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Crabb supports larger turbines sited farther offshore to ‘create more power’

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FLOATING offshore wind could represent the single biggest investment opportunity in Wales for decades, the Welsh Affairs Committee argued this week (Friday, Mar 10), but urgent clarity is needed by the UK Government to turbo-charge efforts.

The Crown Estate has said that there is scope for floating offshore wind in the Celtic Sea to generate 20GW of energy by being situated further offshore. If its full potential is realised, the Committee argues that floating offshore wind farms could create thousands of high-quality, long-term jobs and give Wales the ‘first-mover’ advantage. However, developers and port operators told the Committee that a lack of long-term targets and a clear pipeline of projects to unlock investment are stifling progress. The UK Government must urgently address this, and steps must be taken to ensure consenting bodies are adequately staffed and resourced to take on the anticipated increase in demand.

In October 2022, the Committee published its report considering grid capacity, and argued that network constraints hold back green energy projects in Wales. The setting of long-term targets and a roadmap of delivery would also benefit National Grid ESO in planning network upgrades.

Local supply chains in Wales must benefit from the manufacture and installation of floating offshore wind, and their involvement must be prioritised over international competitors. The Committee argues that local supply chains did not benefit from the rollout of conventional, fixed-bottom offshore wind as much as they could have, with major fabrication and installation work undertaken overseas. The Committee is determined that this is not repeated as the potential for wealth and job creation in Wales is too great an opportunity to miss.

While the Crown Estate requires developers to provide supply chain investment plans as part of their bid for a lease, a mechanism is needed to hold developers to account on delivery of these plans. Similarly, the Committee is calling on the UK Government to reform future Contracts for Difference auctions for floating offshore wind to include enforceable local content requirements.

Ultimately, the Committee believes the successful delivery of floating offshore wind in the Celtic Sea will require coordination between the UK and Welsh Government, public bodies and industry in a number of interdependent policy areas. Only then can Wales capitalise on the enormous potential floating offshore wind represents to the nation.

Preseli Pembrokeshire MP and Welsh Affairs Committee Chair, Stephen Crabb, said: “New floating offshore wind technology will open up the deep waters of the Celtic Sea to the green energy revolution. Larger turbines sited farther offshore than traditional turbines will harness the stronger winds to deliver greater power generation.”

“Wales will have a key role in helping the UK to reach its target of 5GW of floating offshore wind by 2030. Our Committee was told that floating offshore wind in the Celtic Sea could bring £20 billion of direct investment into the domestic market. Some of the world’s largest energy companies are already drawing up Celtic Sea investment plans.

“The challenge is to ensure that floating offshore wind creates real long-term economic value for Wales. Ports like Milford Haven and Port Talbot are ideally situated to become hubs for manufacturing and operations, and firms like Tata Steel could form part of a strong Welsh supply chain. Achieving this will require a clear strategy from Government and the Crown Estate to prioritise domestic content and ensure developers meet their commitments.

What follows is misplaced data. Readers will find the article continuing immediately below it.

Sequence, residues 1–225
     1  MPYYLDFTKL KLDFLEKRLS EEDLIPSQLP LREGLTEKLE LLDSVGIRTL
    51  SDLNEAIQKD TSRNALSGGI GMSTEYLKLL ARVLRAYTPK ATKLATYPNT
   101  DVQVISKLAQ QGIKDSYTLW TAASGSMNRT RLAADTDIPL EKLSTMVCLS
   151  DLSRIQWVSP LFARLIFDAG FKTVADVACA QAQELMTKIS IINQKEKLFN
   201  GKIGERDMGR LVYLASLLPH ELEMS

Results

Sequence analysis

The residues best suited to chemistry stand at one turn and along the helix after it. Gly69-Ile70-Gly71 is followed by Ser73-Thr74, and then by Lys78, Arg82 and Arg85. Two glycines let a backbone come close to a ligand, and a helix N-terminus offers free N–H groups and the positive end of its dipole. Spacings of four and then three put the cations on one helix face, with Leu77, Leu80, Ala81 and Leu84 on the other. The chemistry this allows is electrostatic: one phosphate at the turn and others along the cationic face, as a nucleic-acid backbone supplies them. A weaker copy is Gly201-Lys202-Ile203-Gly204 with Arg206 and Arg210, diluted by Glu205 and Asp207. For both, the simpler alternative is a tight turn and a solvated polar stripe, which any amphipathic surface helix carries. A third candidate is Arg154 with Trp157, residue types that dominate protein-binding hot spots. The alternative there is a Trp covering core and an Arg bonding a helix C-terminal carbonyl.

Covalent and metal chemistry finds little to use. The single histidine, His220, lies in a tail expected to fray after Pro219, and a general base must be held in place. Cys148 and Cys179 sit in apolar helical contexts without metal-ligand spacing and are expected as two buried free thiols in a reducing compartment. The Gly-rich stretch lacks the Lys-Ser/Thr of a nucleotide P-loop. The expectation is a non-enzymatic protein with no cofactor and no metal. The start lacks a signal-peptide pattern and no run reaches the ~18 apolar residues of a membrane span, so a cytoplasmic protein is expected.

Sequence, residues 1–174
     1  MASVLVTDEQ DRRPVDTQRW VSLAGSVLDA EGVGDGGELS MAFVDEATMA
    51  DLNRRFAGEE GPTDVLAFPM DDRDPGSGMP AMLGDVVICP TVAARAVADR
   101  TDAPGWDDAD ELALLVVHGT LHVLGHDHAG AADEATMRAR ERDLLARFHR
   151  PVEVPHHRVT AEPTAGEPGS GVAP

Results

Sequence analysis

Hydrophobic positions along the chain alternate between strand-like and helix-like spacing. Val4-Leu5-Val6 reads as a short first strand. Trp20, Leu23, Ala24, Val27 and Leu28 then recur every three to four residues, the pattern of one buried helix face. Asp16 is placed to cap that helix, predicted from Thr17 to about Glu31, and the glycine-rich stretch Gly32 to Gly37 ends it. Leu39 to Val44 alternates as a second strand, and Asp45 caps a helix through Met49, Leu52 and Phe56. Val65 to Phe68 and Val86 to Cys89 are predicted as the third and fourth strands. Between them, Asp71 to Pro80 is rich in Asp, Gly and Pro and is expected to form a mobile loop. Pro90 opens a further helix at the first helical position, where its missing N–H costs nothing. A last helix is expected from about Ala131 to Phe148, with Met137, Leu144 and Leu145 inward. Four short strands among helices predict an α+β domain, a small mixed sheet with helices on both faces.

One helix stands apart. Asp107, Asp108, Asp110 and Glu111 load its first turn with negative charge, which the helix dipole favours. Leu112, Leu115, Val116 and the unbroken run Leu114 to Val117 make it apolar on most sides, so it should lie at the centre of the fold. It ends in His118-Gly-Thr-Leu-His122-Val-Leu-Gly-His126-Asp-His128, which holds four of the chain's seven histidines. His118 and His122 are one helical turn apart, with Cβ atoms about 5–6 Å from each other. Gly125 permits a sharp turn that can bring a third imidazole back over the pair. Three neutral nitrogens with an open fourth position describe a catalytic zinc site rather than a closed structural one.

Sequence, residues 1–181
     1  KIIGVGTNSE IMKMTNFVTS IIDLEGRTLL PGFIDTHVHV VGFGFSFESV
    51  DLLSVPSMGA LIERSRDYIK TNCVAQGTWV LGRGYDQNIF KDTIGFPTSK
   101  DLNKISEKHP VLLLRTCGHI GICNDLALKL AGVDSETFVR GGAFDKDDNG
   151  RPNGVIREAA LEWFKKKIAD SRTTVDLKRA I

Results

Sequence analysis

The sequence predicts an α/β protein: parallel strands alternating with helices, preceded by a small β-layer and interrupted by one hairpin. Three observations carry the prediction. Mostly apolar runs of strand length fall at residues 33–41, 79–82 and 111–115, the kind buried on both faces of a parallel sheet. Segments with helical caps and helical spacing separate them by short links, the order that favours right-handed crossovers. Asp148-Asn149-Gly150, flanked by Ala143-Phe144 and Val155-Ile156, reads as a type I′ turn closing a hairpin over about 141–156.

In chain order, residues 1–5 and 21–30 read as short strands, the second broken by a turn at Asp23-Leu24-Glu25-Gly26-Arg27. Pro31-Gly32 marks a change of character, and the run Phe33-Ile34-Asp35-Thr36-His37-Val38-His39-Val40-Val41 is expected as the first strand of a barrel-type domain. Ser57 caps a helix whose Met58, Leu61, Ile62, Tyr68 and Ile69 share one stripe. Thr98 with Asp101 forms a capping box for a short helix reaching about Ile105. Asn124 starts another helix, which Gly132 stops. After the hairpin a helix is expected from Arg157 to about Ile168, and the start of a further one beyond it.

“Floating offshore wind represents a once-in-a-generation industrial opportunity for Wales – we cannot afford to let this pass us by.”

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Plans for house in Dinas Cross pub car park in Pembrokeshire refused

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AN APPLICATION to build a three-bedroom house on the site of a north Pembrokeshire pub car park has been refused by national park planners.

Julian and Alison Parkes, of The Ship Aground public house, Dinas Cross, sought permission to build the house on nearby land used as a car park for the pub, creating seven new parking spaces nearby to replace the site.

A report by Pembrokeshire Coast National Park planning officers, recommending refusal, said: “The principle of residential development is normally acceptable within centre boundaries, subject to detailed design considerations and compliance with other policies in the local development plan.

“Following consultation, objections have been received from statutory consultees including the Welsh Government Truck Road Agency who have concerns regarding the proposed parking that will serve the Public House. They have directed that planning permission is not granted on the basis of insufficient information.  Concerns have also arisen from third-party letters.”

The report said the design “incorporates a traditional form with modern features and design detailing and will ensure the privacy of neighbours is protected along with the special qualities of the National Park when viewed from the immediate and wider landscape” but added: “Key information relating to the loss of parking to the Public House has not been addressed and how the loss of parking could have an economic impact, also considering that the proposed parking does not meet parking safety standards and further amendments would be required.”

The application was refused on the basis of Trunk Road Agency concerns including a lack of information to demonstrate the number of parking spaces offered would comply with current car parking standards, layout designs for the proposed replacement spaces, and also that insufficient evidence submitted to support the granting of permission for the car park spaces to serve the public house.

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Scheme to upgrade Dinas Cross holiday park withdrawn